In plasma particle lofting, macroscopic particles are picked up from a surface by an electric force. This force originates from a plasma that charges both the surface and any particle on it, leading to an electric force that pushes particles off the surface. This process has been suggested as a novel cleaning technique in modern high-tech applications, because it has intrinsic advantages over more traditional methods. Its development is, however, limited by a lack of knowledge of the underlying physics. Although the lofting has been demonstrated before, there are neither numerical nor experimental quantitative measures of it. Especially determining the charge deposited by a plasma on a particle on a surface proves difficult. We have developed a novel experimental method using a "probe force.'' This allows us to, for the first time, quantitatively measure the plasma lofting force. By applying this method to different plasma conditions we can identify the important plasma parameters, allowing us to tailor a plasma for specific cleaning applications. Additionally, the quantitative result can help in the development of new models for the electron and ion currents through a plasma sheath.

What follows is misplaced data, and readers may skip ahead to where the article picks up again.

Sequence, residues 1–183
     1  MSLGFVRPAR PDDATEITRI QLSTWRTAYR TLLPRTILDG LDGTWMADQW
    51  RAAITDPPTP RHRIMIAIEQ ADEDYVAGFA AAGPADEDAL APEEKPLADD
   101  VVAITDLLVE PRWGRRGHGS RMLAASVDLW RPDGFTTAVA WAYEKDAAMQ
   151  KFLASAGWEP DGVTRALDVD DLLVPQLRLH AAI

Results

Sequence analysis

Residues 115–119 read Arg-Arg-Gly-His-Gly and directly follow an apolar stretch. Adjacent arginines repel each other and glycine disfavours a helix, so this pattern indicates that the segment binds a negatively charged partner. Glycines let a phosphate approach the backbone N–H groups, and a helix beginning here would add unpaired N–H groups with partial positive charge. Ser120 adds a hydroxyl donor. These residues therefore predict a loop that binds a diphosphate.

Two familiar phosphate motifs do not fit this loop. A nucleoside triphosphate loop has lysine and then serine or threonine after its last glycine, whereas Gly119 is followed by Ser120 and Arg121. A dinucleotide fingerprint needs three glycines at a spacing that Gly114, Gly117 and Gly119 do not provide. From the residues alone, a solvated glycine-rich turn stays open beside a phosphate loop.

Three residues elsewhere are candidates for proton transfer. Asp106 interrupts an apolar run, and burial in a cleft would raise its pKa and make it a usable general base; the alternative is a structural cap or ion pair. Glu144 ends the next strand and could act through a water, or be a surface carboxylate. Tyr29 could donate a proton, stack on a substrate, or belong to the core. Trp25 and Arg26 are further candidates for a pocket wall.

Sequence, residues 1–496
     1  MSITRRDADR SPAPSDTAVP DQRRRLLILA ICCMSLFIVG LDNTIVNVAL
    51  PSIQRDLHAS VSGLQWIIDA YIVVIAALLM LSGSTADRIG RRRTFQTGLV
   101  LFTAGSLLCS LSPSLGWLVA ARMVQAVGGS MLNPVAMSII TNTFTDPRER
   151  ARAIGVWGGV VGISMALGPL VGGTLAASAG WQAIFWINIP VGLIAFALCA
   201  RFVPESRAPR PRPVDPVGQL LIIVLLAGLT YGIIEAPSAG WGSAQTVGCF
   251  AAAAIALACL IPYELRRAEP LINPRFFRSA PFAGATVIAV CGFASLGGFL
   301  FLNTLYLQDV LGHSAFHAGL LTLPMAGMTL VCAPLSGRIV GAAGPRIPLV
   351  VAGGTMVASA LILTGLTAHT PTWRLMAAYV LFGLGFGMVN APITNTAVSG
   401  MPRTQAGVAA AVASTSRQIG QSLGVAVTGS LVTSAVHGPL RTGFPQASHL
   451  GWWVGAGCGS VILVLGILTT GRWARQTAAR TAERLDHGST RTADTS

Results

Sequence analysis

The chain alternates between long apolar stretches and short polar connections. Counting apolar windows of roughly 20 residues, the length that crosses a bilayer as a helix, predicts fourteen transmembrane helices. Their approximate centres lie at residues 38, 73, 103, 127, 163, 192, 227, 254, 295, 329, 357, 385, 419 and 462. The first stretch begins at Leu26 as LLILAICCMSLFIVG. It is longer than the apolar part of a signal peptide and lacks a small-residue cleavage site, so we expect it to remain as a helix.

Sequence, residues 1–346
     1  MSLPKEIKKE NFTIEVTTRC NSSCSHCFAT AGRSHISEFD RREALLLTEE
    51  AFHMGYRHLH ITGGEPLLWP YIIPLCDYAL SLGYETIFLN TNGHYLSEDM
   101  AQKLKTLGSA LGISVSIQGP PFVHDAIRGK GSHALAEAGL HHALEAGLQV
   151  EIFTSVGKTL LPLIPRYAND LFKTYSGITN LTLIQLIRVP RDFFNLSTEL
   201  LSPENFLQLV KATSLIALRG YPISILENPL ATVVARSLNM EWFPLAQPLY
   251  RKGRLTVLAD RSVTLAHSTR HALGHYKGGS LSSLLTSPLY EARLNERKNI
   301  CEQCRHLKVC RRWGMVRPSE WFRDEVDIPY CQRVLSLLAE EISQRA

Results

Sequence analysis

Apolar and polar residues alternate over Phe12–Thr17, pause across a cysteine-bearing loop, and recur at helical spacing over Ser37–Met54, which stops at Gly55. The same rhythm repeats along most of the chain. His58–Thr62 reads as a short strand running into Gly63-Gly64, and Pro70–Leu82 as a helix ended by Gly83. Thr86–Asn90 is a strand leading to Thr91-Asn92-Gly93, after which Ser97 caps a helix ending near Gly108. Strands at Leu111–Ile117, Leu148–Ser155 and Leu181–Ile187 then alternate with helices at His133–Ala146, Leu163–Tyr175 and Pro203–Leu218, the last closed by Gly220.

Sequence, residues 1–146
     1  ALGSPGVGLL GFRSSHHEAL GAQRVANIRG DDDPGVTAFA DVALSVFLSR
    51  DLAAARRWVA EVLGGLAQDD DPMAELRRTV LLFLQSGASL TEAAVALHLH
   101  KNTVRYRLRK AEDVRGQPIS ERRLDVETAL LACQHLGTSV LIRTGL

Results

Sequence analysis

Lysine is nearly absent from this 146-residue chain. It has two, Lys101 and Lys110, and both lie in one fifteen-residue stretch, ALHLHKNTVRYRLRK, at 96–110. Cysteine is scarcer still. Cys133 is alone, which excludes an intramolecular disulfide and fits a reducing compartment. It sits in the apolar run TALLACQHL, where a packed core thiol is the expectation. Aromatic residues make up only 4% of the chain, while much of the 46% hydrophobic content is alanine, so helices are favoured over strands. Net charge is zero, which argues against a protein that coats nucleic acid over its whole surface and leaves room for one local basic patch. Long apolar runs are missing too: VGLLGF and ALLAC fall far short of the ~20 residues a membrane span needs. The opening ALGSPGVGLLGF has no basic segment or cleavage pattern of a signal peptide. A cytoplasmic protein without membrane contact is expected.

|Name||Bulletin of the American Physical Society|
|Conference||68th Annual Gaseous Electronics Conference/9th International Conference on Reactive Plasmas/33rd Symposium on Plasma Processing|
|Period||12/10/15 → 12/10/15|